Anatomy Of A Murder
Best Performance By An Orchestra
 
winner
André Previn
Like Young

David Rose And His Orchestra With Andre Previn

Best Performance By A Vocal Group Or Chorus
 
winner
Battle Hymn Of The Republic

(Mormon Tabernacle Choir)

Best Jazz Performance - Soloist
 
winner
Ella Fitzgerald
Ella Swings Lightly
Best Jazz Performance - Group
 
winner
Jonah Jones
I Dig Chicks
Best Classical Performance - Orchestra
 
winner
Debussy: Images For Orchestra

(Boston Symphony Orchestra)

Best Classical Performance - Chamber Music (Including Chamber Orchestra)
 
winner
Beethoven: Sonatas No. 21 In C (Waldstein) And No. 18 In E Flat
Best Classical Performance - Concerto Or Instrumental Soloist (With Full Orchestral Accompaniment)
 
winner
Rachmaninoff: Piano Concerto No. 3

Van Cliburn, artist (Symphony Of The Air Orchestra)

Best Classical Performance - Opera Cast Or Choral
 
winner
Mozart: The Marriage Of Figaro

Erich Leinsdorf, conductor

Best Classical Performance - Concerto Or Instrumental Soloist (Other Than Full Orchestral Accompaniment)
 
winner
Beethoven: Sonatas No. 21 In C (Waldstein) And No. 18 In E Flat
Best Classical Performance - Vocal Soloist (With Or Without Orchestra)
 
winner
Bjoerling In Opera
Best Musical Composition First Recorded And Released In 1959 (More Than 5 Minutes Duration)
 
winner
Duke Ellington
Anatomy Of A Murder

Duke Ellington, composer (Duke Ellington)

Best Sound Track Album - Background Score From A Motion Picture Or Television
 
winner
Duke Ellington
Anatomy Of A Murder

Duke Ellington, composer (Duke Ellington)

Best Sound Track Album, Original Cast - Motion Picture Or Television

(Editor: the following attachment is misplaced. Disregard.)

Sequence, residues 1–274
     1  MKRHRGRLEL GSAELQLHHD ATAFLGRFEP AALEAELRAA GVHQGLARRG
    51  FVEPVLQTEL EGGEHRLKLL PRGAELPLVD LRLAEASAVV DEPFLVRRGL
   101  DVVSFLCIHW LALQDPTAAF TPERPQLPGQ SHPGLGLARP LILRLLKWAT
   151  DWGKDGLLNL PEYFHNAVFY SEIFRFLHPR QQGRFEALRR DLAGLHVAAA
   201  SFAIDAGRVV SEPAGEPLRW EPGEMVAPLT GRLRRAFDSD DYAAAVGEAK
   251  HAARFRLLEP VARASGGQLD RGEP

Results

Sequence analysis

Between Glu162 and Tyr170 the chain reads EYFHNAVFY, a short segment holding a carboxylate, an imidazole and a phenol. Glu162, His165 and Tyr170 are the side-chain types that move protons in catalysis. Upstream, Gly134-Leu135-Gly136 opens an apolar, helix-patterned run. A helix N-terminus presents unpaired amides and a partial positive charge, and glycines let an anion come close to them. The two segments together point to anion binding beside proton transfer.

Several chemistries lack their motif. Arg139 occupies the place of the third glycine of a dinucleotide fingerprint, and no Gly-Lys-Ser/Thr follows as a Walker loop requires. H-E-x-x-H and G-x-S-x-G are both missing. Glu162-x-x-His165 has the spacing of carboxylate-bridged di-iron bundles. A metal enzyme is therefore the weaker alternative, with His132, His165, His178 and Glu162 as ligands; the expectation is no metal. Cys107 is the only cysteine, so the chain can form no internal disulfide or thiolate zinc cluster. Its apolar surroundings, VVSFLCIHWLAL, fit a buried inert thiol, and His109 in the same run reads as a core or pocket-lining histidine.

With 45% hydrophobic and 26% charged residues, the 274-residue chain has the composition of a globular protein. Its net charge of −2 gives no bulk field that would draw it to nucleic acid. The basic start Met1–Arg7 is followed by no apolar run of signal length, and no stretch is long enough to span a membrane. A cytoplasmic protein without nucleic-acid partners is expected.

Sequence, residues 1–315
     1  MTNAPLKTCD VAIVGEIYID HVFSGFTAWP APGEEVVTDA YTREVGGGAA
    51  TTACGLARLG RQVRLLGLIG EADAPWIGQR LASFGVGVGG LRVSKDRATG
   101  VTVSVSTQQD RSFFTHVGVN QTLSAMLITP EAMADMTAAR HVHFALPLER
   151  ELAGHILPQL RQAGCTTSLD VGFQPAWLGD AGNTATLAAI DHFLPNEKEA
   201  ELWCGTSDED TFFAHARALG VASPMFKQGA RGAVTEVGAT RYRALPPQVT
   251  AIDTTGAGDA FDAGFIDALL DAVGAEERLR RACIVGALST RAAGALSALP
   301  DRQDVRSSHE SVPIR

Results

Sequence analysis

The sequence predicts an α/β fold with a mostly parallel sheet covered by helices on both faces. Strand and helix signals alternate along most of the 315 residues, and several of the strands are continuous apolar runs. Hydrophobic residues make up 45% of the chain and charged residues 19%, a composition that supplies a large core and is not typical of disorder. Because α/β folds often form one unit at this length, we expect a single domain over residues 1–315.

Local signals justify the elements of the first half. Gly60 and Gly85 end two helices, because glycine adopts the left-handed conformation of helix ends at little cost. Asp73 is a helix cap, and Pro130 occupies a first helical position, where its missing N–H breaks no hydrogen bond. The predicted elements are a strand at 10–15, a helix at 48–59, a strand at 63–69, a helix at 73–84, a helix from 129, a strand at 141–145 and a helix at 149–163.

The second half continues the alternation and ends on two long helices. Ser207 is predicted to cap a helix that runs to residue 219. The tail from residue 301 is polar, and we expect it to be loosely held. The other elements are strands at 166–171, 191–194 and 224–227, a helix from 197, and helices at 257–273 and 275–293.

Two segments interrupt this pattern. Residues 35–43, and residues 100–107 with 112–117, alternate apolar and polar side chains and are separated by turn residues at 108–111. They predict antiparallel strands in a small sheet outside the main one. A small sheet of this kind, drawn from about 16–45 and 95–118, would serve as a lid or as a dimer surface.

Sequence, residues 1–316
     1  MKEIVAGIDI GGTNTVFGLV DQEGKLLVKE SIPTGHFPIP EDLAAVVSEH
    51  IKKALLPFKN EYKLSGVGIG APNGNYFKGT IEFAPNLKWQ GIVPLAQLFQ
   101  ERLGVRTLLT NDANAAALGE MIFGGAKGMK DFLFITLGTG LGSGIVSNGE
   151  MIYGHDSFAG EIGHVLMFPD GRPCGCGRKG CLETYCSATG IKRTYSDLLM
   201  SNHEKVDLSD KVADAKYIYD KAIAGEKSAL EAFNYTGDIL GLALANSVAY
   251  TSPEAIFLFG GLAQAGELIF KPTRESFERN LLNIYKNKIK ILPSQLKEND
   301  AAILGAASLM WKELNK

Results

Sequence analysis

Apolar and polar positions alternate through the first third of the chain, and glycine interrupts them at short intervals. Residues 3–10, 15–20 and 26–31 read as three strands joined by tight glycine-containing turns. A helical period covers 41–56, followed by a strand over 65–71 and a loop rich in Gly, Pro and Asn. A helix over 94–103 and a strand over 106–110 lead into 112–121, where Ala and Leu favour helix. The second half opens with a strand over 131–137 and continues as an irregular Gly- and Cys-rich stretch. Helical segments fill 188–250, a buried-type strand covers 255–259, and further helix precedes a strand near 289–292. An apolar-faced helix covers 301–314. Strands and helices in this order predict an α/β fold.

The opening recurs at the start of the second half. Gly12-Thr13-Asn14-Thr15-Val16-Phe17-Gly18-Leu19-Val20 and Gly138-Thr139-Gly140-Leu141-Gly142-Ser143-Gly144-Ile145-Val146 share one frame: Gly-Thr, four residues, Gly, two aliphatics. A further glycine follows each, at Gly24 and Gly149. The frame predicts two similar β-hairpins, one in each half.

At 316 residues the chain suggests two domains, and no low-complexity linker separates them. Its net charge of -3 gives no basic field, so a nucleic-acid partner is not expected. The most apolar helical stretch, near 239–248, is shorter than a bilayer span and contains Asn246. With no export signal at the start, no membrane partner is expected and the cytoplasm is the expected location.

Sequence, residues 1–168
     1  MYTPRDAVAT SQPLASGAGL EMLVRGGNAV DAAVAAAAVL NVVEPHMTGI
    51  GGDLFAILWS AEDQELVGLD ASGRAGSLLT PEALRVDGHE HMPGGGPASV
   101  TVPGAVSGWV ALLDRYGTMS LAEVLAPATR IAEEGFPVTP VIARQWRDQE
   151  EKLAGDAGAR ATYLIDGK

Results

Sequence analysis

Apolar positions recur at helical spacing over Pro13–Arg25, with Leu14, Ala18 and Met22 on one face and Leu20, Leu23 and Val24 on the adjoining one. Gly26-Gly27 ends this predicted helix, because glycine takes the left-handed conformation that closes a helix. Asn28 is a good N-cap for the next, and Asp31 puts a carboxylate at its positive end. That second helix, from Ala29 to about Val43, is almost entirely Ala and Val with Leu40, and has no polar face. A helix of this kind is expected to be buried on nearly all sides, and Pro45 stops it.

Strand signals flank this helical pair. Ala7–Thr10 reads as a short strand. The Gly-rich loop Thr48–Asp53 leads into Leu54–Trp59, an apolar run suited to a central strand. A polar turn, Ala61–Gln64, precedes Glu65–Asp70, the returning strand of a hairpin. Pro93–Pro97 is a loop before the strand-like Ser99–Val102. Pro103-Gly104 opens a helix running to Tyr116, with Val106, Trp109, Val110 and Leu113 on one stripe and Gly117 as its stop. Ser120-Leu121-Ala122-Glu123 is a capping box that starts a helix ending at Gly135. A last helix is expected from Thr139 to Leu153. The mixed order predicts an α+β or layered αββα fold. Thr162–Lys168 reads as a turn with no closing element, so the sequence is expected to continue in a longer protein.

winner
Porgy And Bess

(Various Artists)

Best Broadway Show Album
 
winner
Gypsy

Ethel Merman (Ethel Merman And Broadway Show Cast)

winner
Redhead

Gwen Verdon (Gwen Verdon, Richard Kiley, Leonard Stone, Doris Rich, Cynthia Latham, Joy Nichols, Bob Dixon, Pat Ferrier)

Best Comedy Performance - Spoken Word
 
winner
Inside Shelley Berman
Best Comedy Performance - Musical
 
winner
The Battle Of Kookamonga
Best Performance - Documentary Or Spoken Word (Other Than Comedy)
 
winner
A Lincoln Portrait
Best Performance By A "Top 40" Artist
 
winner
Nat "King" Cole
Midnight Flyer
Best Country & Western Performance
 
winner
The Battle Of New Orleans
Best Rhythm & Blues Performance
 
winner
Dinah Washington
What A Diff'rence A Day Makes
Best Performance - Folk
 
winner
The Kingston Trio At Large
Best Recording For Children
 
winner
Peter And The Wolf

Peter Ustinov (Herbert von Karajan, cond.)

Best Arrangement
 
winner
Come Dance With Me

Billy May, arranger (Frank Sinatra)

Best Engineering Contribution - Classical Recording
 
winner
Victory At Sea, Vol. I

Lewis W. Layton, engineer (Robert Russell Bennett, conductor)

Best Engineering Contribution - Novelty Recording
 
winner
Alvin's Harmonica

Ted (Theodore) Keep, engineer (David Seville)

Best Engineering Contribution - Other Than Classical Or Novelty
 
winner
Belafonte At Carnegie Hall

Robert Simpson, engineer (Harry Belafonte)

Best Album Cover
 
winner
Shostakovich: Symphony No. 5

Robert M. Jones, art director (Howard Mitchell, conductor)

Best New Artist Of 1959
 
winner
Bobby Darin